Clara Engel – Secret Beasts
Simple sounds like drums beaten and a voice extracted from a deep recess between soul and spirit. The ‘songs’ gathered for the release of ‘Secret Beasts’ are likened more to a careful collection of ‘confessions’ summoned from the four winds to reveal something unique, yet somehow ancient—almost a precursor to what we deem the modern human psyche. The vocals sound like they’ve been recorded in a tall roofed building, maybe a cathedral or stadium.
There is nothing claustrophobic in the sound and this is appreciated, as the confessional nature of these tomes might suffocate if they are forced to swim in such native waters. Yes, these offerings are not glittering pop gems, they are honest and often jarring renderings of a life lived with eyes open—looking both without and within—willing for joy to intrude and calm to descend.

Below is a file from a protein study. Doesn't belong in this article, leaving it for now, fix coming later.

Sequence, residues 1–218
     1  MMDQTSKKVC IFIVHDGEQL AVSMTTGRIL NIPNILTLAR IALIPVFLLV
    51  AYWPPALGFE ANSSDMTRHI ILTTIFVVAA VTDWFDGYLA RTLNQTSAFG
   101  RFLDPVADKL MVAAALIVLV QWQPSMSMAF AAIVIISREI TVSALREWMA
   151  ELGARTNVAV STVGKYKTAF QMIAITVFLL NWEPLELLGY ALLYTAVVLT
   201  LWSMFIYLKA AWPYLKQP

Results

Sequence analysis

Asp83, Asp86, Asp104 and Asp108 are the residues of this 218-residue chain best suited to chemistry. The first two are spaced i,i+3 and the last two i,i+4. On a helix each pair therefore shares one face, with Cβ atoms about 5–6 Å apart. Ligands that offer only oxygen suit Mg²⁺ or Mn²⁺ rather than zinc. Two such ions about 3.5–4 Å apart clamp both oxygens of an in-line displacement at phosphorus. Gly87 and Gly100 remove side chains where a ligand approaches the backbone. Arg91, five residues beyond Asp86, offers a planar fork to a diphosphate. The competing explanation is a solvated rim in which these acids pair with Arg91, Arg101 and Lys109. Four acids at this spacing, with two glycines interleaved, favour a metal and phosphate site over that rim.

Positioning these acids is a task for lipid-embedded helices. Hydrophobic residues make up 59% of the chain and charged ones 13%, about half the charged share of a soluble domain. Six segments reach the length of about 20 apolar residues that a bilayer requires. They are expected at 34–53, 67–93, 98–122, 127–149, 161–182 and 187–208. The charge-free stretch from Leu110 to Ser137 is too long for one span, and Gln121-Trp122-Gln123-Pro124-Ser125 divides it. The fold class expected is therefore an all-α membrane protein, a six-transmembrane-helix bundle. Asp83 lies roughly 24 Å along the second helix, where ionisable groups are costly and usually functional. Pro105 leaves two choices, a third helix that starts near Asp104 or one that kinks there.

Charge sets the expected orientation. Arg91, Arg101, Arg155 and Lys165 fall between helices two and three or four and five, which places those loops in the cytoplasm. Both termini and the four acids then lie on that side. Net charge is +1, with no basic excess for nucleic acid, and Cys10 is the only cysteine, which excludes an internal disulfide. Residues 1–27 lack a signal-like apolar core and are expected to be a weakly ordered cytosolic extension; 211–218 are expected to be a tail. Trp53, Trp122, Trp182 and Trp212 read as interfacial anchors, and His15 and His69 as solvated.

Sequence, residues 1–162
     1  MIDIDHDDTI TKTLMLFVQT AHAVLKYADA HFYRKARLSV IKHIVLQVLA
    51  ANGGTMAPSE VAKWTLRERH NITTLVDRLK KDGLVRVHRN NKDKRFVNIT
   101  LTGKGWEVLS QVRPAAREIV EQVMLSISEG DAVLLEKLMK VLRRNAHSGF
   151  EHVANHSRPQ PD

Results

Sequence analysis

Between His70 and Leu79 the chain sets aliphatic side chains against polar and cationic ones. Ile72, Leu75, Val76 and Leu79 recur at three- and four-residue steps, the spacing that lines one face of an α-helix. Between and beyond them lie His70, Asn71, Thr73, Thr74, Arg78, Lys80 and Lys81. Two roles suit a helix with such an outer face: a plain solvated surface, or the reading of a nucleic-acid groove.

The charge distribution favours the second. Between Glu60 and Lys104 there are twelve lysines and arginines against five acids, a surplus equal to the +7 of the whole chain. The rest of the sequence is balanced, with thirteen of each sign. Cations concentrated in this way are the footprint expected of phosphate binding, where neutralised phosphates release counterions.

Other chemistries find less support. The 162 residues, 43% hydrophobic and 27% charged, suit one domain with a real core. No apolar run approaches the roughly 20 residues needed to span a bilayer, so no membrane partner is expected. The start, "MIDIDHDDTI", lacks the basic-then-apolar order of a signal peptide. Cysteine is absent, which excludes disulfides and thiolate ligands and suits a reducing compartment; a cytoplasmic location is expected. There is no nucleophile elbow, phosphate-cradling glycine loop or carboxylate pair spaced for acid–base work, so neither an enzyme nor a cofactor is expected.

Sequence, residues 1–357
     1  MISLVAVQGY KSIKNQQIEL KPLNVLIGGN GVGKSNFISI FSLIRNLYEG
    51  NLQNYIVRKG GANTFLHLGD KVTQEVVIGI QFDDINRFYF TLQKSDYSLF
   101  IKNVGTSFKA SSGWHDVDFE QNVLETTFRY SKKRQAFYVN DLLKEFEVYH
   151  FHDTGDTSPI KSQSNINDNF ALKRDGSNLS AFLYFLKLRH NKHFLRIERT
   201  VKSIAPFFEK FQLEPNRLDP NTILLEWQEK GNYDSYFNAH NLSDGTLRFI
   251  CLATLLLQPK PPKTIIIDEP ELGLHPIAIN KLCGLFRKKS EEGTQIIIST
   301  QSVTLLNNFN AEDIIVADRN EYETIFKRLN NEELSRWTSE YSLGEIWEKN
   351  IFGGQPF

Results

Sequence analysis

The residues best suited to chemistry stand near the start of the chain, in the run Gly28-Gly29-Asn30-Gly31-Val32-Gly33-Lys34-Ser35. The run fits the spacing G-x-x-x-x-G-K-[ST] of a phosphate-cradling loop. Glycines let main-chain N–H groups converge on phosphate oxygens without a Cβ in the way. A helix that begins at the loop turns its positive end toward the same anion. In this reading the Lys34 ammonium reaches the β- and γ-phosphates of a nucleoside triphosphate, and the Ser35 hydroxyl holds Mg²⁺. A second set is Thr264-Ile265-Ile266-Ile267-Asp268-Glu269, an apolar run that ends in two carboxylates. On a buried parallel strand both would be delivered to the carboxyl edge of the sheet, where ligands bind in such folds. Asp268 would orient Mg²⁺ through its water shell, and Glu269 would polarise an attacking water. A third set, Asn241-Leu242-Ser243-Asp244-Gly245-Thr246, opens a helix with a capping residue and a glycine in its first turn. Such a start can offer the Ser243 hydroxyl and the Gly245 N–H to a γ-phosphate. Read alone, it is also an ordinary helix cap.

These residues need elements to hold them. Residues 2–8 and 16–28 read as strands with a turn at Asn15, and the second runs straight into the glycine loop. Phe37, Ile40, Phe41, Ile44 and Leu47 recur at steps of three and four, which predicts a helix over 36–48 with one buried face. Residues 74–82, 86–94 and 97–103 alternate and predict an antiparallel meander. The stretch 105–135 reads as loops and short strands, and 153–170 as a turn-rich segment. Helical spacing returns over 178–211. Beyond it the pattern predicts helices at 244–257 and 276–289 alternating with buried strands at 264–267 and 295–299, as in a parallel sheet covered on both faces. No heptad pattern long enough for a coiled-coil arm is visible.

Both fierce and delicate, Clara Engel’s music is reminiscent of an era in history when theatre, art, and music were an integral part of a bigger and more vital whole, an era that the 21st century is craving more than ever. Her arresting, androgynous voice and presence, coupled with lyrics that stand alone as poetry, set Clara’s work apart from current music trends.
Poet Janaka Stucky describes Engel’s work as “timeless songs that sound at home in the ribcage of rock n roll’s skeleton.” The underground, multi-faceted Canadian artist has independently released 6 albums, and collaborated with musicians from the UK, Germany, Brazil, and the USA. In the words of Jeremy Reed, Britain’s most dynamic, adventurous, and controversial poet: “”Clara Engel’s voice comes to me from that deepest of all places, imaginative space, from which she visually retrieves an inner landscape converted by breath into the rock equivalent of poetry.
Rarely has a voice sounded so authoritative, so unapologetic in its disclosures, so sure of its direction in going home into song. I’d say ‘Madagascar‘ beats them all, and it’s only a beginning at harnessing poetic inspiration to the resonating dynamic of voice and the lyrical ache of a great individual singer.”